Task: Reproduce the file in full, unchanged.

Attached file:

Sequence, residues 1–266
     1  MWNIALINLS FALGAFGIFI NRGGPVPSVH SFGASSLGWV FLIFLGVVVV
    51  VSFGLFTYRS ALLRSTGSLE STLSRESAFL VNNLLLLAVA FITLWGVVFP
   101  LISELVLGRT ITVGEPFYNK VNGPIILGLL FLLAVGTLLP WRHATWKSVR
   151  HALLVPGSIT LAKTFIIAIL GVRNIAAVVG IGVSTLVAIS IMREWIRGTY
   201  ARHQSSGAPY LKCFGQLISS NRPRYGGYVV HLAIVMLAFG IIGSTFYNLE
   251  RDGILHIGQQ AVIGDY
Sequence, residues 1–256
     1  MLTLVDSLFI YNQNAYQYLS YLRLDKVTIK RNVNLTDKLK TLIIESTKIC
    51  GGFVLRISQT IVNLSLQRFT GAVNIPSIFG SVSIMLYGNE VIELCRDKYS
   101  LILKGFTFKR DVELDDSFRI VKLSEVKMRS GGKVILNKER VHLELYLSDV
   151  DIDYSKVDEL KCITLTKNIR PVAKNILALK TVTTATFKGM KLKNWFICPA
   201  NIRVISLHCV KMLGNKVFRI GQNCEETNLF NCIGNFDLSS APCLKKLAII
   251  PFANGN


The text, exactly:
Sequence, residues 1–266
     1  MWNIALINLS FALGAFGIFI NRGGPVPSVH SFGASSLGWV FLIFLGVVVV
    51  VSFGLFTYRS ALLRSTGSLE STLSRESAFL VNNLLLLAVA FITLWGVVFP
   101  LISELVLGRT ITVGEPFYNK VNGPIILGLL FLLAVGTLLP WRHATWKSVR
   151  HALLVPGSIT LAKTFIIAIL GVRNIAAVVG IGVSTLVAIS IMREWIRGTY
   201  ARHQSSGAPY LKCFGQLISS NRPRYGGYVV HLAIVMLAFG IIGSTFYNLE
   251  RDGILHIGQQ AVIGDY
Sequence, residues 1–256
     1  MLTLVDSLFI YNQNAYQYLS YLRLDKVTIK RNVNLTDKLK TLIIESTKIC
    51  GGFVLRISQT IVNLSLQRFT GAVNIPSIFG SVSIMLYGNE VIELCRDKYS
   101  LILKGFTFKR DVELDDSFRI VKLSEVKMRS GGKVILNKER VHLELYLSDV
   151  DIDYSKVDEL KCITLTKNIR PVAKNILALK TVTTATFKGM KLKNWFICPA
   201  NIRVISLHCV KMLGNKVFRI GQNCEETNLF NCIGNFDLSS APCLKKLAII
   251  PFANGN